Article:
Job Search Reflection
Since I have been working in career development for the past year and a half, I have never felt as prepared for a job search as I feel for this search, at the apex of my graduate school experience. In my position, I assist Mount Union students with resumes – students who are drafting their first resumes, and others who are adding their latest experience or achievement into their carefully crafted document. I have led workshops on where to find position listings and others on preparing for interviews. As I have completed those two presentations, I feel encouraged that I will be able to take my own advice in my job search.
Before graduate school, I completed two job search campaigns. During my first search, as a college senior, I sought an entry-level position in residence life. I attended the Oshkosh Placement Exchange and made every mistake in the book. I had not prepared for standard interview questions, I failed to thoroughly research a couple of potential employers, and I missed an interview completely by waiting in the wrong tower of Gruenhagen. I left highly discouraged. I continued looking, expanding my search to include admissions, financial aid, and even positions outside higher education. After applying for 30 jobs I can remember, I received two offers, one in residence life at an institution in Iowa, and a second as the International Specialist in the Office of Admission at Saint Xavier University. I accepted the latter.
In my second year at Saint Xavier University, I began to look for opportunities elsewhere. In the fall, before I had made up my mind to go to graduate school, I applied for three jobs in international student advising. For each, I made my way to at least the phone interview stage, and two institutions invited me for campus interviews. In one case, I was one of only three they had invited to campus, and the other invited five candidates for two open positions. For each, I heard later they filled the positions with candidates who had more experience in student services. Despite the unsuccessful conclusion to that search, I was encouraged to have made it as far as I did. I decided to gain more varied experience through a graduate preparatory program, and found a match in the program at Kent State University.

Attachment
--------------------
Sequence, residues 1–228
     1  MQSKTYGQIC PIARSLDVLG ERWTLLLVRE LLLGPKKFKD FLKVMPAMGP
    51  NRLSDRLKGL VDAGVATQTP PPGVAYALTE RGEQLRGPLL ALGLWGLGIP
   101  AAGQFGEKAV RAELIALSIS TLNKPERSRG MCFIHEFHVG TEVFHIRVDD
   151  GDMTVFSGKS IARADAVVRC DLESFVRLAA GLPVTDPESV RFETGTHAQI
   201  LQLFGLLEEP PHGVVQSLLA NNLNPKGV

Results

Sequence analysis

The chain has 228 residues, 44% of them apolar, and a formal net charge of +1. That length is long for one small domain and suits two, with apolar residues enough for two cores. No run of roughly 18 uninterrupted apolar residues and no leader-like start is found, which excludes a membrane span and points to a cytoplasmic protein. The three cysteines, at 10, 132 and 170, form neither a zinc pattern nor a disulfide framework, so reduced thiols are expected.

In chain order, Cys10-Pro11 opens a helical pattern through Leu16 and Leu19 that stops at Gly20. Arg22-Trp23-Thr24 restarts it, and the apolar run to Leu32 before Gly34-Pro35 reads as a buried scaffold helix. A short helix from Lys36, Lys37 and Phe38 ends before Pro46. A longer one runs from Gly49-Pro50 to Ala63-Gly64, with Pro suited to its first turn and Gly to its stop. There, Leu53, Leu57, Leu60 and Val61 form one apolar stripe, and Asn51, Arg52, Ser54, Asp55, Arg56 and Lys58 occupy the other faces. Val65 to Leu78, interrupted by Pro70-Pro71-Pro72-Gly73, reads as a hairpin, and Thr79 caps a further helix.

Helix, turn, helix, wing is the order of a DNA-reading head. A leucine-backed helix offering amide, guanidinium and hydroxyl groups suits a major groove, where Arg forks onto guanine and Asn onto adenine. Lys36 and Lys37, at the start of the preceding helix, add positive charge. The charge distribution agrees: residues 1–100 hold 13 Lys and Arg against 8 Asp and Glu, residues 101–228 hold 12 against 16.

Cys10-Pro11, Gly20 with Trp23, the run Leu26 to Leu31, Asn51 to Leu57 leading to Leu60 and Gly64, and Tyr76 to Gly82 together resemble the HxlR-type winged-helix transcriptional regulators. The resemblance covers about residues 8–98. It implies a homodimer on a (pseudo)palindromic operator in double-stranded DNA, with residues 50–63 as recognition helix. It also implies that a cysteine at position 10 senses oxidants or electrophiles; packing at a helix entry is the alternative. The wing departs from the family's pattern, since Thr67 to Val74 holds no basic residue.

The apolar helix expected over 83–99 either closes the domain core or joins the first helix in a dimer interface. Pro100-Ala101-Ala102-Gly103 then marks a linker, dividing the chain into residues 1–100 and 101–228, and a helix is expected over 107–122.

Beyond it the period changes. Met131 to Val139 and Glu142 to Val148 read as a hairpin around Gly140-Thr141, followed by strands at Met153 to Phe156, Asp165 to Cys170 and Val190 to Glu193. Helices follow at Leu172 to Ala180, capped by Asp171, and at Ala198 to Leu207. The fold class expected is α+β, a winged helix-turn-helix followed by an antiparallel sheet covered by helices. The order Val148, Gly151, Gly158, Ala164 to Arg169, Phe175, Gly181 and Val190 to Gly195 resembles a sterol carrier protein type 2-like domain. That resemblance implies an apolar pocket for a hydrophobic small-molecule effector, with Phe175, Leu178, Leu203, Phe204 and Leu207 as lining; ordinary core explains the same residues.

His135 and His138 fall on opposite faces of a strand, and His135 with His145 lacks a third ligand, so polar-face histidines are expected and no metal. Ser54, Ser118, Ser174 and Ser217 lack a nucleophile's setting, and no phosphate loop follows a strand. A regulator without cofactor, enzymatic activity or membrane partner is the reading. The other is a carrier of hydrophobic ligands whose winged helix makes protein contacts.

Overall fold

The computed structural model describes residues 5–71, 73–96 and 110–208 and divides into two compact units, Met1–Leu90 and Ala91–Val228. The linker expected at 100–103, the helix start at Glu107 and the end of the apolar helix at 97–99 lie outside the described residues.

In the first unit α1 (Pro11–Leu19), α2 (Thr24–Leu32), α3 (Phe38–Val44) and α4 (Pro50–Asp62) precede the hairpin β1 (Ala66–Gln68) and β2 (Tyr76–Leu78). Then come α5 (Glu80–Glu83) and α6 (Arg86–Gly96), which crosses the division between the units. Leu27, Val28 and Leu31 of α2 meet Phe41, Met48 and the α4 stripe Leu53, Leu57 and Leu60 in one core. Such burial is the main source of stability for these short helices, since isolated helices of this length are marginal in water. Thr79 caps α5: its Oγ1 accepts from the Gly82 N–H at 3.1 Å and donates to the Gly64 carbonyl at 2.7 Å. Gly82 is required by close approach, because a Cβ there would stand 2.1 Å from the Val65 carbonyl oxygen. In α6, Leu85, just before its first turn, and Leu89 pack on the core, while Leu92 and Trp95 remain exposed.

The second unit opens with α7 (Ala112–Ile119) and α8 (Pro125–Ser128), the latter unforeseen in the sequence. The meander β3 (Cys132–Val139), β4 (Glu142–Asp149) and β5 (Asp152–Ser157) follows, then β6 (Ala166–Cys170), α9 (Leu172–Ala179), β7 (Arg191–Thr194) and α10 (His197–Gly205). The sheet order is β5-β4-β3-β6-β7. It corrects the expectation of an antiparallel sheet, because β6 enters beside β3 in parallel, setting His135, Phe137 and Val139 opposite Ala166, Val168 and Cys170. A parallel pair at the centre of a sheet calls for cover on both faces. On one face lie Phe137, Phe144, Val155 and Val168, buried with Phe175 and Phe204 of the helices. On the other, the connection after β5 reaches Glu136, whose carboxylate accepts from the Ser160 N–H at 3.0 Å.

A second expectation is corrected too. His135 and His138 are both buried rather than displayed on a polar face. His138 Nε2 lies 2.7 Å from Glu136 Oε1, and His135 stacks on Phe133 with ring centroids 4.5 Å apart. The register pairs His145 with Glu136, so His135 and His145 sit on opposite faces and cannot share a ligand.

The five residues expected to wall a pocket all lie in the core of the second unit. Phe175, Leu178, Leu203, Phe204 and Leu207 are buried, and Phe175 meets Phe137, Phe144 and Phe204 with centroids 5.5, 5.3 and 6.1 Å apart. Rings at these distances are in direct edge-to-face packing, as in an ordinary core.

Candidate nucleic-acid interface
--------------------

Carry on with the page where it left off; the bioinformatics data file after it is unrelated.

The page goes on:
Prepared as I feel for this search, my situation is quite complex. I accepted a two-month position at the American University of Bulgaria some time ago. The internship, in their student affairs office, will run from May through mid-July. The late date I will be available to start is complicating my search, as many employers hope to have their new hires start earlier. I also am focusing my search on international student services and career development. I decided not to attend placement events, which offer few positions in those two areas, and to focus instead on position listings available through NAFSA and its constituent groups, and NACE, the National Association of Colleges and Employers, which offer the greatest selection of positions in my areas. NAFSA’s Job Registry and NACE’s Jobwire have been particularly helpful resources. Since I am young and have few roots, I am keeping myself available for the right opportunity. I have been focusing my search primarily on the Midwest region and institutions within eight hours of Chicago. I have set up automated job alerts from HigherEdJobs.com to email me jobs that meet my criteria, and Evernote has been an incredibly useful tool for keeping track of the jobs for which I have applied, the status of each application, and organizing information about each possible employer.
I have applied for several jobs so far and have completed a few screening interviews. I believe that my summer internship commitment is hampering me from going further in the interview process, but as time progresses, I am confident that I will to find a position which will be flexible enough to allow me to start after I return or an employer so interested in me as a fit for their position that delaying my first day will be worth having me in the office.